That said, MMA is technically superior to any movie Kamal and KSR have ever done together to date.

Hollwyood rom-coms have always been the flavor of lovers who go for such rom-coms so that they can relax. If you are looking for a rom-com in the Tamil language, you might not be able to exactly find one such film with the exception of MMA. That pretty much defines what the film is all about.

MMA is Kamal’s treat for Christmas. And yes, you do feel the cupid’s arrow in the film. I do not know why the naysayers of the film look for a ‘comedy’ flick. The film’s title is cupid’s arrow, and that is exactly what you will find here. Go for the cupid’s arrow and you won’t be disappointed.

The film is an absolute whiff of fresh air.

But that said, Kamal is too good to be doing these movies. This is good entertainment, but as a fan, I’d love to see him do a Marmayogi soon.

Top 10 Bollywood films in the last decade- Part 2

Continued from Part 1

7. A Wednesday (2008)

Cast: Nasseruddin Shah, Anupam Kher

Director: Neeraj Pandey

Writer: Neeraj Pandey

Brief synopsis:

It was a seemingly normal Wednesday when a common man walks into a police station, wanting to file a complaint, and at the same time plants a bomb in the toilet of the station. He proceeds to call Commissioner Prakash Rathod and threatens him to release four terrorists in exchange of the lives of millions in the city (he had planted four bombs across the city’s key areas).

As Prakash desperately tried to psyche and figure out the man’s profile and whereabouts, two of his trusted police officer board a van along with the four terrorists and escort them to the location named by the common man, only to have a surprise waiting there.

On face value, A Wednesday seems like a very regular movie with a very regular, Hollywood-inspired story. But the film offers a great surprise in the way it was narrated and presented, and even the issue it tackles on. Without trying to be preachy, the film effectively plays across the gallery a question so essential for the modern community.

Naseeruddin Shah and Anupam Kher both deliver inch-perfect performances in a film which takes place in a single day, and happens sans any duet, romance, songs, or any form of melodrama. An intense thriller requires great writing, and that was what Neeraj Pandey manages to do. His direction is equally impressive, as he ensures that tension runs high throughout.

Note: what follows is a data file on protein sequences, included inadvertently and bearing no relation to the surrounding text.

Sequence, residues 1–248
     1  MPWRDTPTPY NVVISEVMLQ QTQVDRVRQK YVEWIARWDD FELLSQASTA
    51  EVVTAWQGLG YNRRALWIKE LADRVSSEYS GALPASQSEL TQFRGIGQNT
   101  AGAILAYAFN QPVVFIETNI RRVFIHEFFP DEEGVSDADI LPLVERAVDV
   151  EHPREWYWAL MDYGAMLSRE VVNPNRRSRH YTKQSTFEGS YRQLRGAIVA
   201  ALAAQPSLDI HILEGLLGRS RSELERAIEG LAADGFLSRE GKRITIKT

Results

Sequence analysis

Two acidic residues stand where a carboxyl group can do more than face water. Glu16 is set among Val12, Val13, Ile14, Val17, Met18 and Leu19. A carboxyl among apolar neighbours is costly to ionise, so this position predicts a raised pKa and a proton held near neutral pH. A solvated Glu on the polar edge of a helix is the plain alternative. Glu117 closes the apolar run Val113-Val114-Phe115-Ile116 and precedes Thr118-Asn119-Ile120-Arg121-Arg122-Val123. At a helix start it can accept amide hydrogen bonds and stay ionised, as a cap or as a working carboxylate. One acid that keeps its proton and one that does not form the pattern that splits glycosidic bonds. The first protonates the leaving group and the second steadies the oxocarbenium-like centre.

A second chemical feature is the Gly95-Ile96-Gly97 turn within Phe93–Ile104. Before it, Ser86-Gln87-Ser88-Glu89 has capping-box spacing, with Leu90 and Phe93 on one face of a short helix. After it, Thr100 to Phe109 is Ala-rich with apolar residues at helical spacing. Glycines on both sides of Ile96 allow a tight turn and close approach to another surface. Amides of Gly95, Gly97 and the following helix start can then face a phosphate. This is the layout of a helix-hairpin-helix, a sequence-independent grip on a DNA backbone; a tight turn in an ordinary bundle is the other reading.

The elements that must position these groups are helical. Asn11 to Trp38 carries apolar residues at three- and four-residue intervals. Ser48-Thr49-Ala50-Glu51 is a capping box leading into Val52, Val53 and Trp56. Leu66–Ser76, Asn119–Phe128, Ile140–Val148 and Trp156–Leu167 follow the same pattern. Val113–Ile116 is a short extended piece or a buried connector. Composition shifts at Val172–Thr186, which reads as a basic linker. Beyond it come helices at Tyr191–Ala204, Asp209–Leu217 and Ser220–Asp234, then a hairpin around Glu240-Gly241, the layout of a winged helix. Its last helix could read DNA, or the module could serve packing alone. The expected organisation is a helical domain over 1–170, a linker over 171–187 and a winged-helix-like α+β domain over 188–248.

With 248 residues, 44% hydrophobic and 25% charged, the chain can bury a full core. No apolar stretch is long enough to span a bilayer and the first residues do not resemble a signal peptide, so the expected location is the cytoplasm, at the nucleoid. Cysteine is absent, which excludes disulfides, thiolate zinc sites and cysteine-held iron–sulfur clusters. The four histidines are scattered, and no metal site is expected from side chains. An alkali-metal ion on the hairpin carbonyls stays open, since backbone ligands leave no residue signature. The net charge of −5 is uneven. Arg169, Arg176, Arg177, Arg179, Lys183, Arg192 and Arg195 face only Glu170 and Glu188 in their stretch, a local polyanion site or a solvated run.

The film is thought provoking and at the same time has a screenplay that doesn’t allow you to breath. Talk about a well-carved entertainer.

IMDb rating: 8.2/10 (after 4,000 odd votes)

6. PEEPLI (Live)

Cast: Omkar Das Manikpuri, Raghubir Yadav, Malaika Shenoy

Writer: Anusha Rizvi

Director: Anusha Rizvi

Brief synopsis:

Natha and Budhia are sibling farmers in the dry region of Peepli who are going broke due to their unproductive land. The brothers plot to commit suicide so that their family could receive the luxurious compensation that the government affords to the families of farmers who commit suicide due to overwhelming debt.

Natha decides to be the one who commits the act, and the pair unwittingly talks to a local newspaper reporter regarding their intentions. This sparks off a media frenzy and soon Natha becomes an overnight celebrity and struggles with the nation’s eye on him, asking questions as to when he will die. His statement also creates political tension between rival factions as election looms by in the region, causing chaos to reign in the otherwise silent dry land.

Peepli Live is another never-seen-before attempt in Hindi cinema. It is a dark satire that spoofs and mocks and ridicules all the practices in the world of journalism and politics, and also paints a damning picture of how the current day India is in the rural areas.

Peepli doesn’t try to become an emotional film at any point, and thus it works big time for simply observes of foolhardy way many people conduct themselves when they are pushed to certain limits.

Anusha Rizvi deserves plaudit for such an uncompromising view of India.

It’s bitter, but it’s the truth.

IMDb rating: 7.9/10 (after 2,000 votes)


To be continued in Part 3

Top 10 Bollywood films in the last decade- Part 1

As 2010 reaches a crescendo, I am doing this compilation:

10. Taare Zameen Par (Stars on earth)- 2007

Cast: Aamir Khan, Darsheel Safary

Writer: Amole Gupte

Director: Aamir Khan

Brief synopsis:

Ishaan is the 8-year-old son of a regular, excellence-chasing middle-class urban family in Mumbai. Often overshadowed by his elder brother who excels in his studies, Ishaan struggles to reach similar academic heights but instead indulges himself in his own world of imagination. He paints, he creates scrapbooks, and he has fondness for small creatures.

Disillusioned by what they perceive to be Ishaan’s lack of discipline, the parents send him off to a boarding school, where a newly instated art teacher Ram recognizes that Ishaan suffers from dyslexia.

The subsequent story centers on how Ram tries to help cure Ishaan and at the same time raise awareness among his ever-demanding parents and teachers.